All the way back in 2007, when ForgottenPA was just a little personal
blog about my group's visit to Centralia, we caught wind of a ghost
town with actual empty houses still in it. Not only were there
buildings, but they were made of concrete! We couldn't get there fast
That ghost town, of course, was Concrete City, in Nanticoke.
Construction began in 1911 and was completed in 1913 by the coal
division of the Delaware, Lackawanna and Western Railroad Company to
provide homes for colliery workers. The two-story double homes were
literally made of poured concrete, efficiently using the same floor
plan for both the first and second floors – the second floors all had
staircases that ran into the ceilings, without providing any access to
Rented out for $8 a month, the houses served as homes for some of the
company's top staff, but problems cropped up. Paint blistered and
peeled. Water condensed on the inside walls, in spite of using
moisture-repellent construction materials and plaster. One former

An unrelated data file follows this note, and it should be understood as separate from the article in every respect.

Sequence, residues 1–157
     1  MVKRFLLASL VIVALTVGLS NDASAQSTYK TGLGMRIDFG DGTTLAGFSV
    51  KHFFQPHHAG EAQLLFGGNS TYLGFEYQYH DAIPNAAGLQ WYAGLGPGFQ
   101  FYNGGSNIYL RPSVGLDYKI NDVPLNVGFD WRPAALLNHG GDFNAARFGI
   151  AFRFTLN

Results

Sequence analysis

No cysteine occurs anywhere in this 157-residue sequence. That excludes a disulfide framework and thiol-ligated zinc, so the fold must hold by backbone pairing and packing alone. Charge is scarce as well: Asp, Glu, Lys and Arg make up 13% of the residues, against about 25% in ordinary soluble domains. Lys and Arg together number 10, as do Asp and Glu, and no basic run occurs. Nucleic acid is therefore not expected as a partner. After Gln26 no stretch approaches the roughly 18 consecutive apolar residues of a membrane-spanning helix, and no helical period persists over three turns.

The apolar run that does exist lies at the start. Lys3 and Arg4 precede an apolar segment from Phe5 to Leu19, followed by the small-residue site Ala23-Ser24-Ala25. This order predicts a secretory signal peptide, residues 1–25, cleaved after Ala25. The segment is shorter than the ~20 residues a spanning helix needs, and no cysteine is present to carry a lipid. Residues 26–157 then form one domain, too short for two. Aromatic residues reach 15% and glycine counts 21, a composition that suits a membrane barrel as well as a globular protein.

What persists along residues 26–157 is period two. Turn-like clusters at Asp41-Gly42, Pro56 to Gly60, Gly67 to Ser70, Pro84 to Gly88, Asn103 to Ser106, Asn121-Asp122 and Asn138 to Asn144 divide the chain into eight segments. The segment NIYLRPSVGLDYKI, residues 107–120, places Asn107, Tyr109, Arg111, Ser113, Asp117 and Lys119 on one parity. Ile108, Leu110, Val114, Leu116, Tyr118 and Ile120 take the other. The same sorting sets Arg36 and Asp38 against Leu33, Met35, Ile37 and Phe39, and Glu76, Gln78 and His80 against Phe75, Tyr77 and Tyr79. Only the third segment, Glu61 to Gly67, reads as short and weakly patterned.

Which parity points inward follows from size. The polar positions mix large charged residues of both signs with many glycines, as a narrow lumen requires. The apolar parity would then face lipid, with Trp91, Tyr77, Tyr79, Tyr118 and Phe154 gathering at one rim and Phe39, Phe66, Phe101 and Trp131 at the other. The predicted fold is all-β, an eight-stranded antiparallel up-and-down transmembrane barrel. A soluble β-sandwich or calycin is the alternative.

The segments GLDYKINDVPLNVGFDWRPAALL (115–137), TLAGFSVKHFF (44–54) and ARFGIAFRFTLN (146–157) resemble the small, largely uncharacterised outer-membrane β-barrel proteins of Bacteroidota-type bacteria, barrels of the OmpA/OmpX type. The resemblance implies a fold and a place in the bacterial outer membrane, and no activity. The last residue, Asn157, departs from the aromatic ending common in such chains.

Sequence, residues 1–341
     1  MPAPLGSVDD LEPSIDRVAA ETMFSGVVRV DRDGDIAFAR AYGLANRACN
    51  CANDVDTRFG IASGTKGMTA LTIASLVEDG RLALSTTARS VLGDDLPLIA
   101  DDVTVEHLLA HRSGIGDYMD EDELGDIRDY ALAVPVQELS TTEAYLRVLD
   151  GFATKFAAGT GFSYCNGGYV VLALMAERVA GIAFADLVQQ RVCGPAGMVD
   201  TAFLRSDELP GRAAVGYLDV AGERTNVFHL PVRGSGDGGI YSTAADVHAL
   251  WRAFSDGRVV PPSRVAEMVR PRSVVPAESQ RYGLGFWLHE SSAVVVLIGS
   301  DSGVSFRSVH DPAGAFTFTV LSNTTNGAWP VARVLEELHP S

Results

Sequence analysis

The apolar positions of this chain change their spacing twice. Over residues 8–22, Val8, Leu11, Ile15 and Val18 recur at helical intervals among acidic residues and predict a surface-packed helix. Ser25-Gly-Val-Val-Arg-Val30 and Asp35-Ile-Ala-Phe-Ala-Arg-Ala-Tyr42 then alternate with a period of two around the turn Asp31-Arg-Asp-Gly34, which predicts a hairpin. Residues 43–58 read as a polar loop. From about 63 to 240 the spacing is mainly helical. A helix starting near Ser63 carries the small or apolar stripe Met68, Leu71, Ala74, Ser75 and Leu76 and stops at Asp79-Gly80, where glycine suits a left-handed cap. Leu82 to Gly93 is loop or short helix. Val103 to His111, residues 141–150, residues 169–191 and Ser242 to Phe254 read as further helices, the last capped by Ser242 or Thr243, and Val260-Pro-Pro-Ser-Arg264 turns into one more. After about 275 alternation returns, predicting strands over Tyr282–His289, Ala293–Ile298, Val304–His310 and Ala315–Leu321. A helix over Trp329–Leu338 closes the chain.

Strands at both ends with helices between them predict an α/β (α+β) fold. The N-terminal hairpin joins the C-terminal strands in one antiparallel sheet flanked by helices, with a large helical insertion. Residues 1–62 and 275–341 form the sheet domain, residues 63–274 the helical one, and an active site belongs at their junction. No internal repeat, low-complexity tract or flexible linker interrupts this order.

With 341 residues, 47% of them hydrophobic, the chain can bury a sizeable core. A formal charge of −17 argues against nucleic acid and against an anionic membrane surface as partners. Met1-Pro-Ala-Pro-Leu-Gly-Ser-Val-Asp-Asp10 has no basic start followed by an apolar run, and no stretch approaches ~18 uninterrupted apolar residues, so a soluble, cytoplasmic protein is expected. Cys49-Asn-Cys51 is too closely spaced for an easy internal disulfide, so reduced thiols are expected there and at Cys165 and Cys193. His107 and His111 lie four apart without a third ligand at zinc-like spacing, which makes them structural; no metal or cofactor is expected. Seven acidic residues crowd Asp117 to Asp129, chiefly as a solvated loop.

resident even said that, in winter, her father's shirts would freeze,
and her mother had to iron them before he could even put them on.
Above all, the houses lacked indoor plumbing, and when it became
standard for residential housing, the company was not interested in
making the improvements. Concrete city was abandoned in 1924, only
eleven years after its construction. Attempts to demolish the town
were also unsuccessful – it was said that a hundred sticks of dynamite
did little to bring down one of the houses.
The trip to Concrete City was a turning point for us – obviously we
weren't poking around the houses in Centralia, but here, we had the
freedom to enter the buildings, to see what time and Mother Nature can
do to man-made structures, to really explore. After being so excited
to get to Concrete City, we felt a real dread, standing at the gaping
black entryway of the first house: What was in there? Would we make it
out alive? When we came out, would we ever be the same?
Of course there was interesting and unique things to see in all the
buildings; clearly, we survived; but we never were the same after our
visit to Concrete City. More than ever, we wanted to explore, to
learn, to see what other wonderful secrets Pennsylvania had been
keeping tucked out of the way. And even though the necessities of work
and life may keep us busy, like the houses at that old ghost town, our
love of exploration will survive anything.
Written by Steve Skipp c/o ForgottenPA
Follow ForgottenPA Blog
Like them on Facebook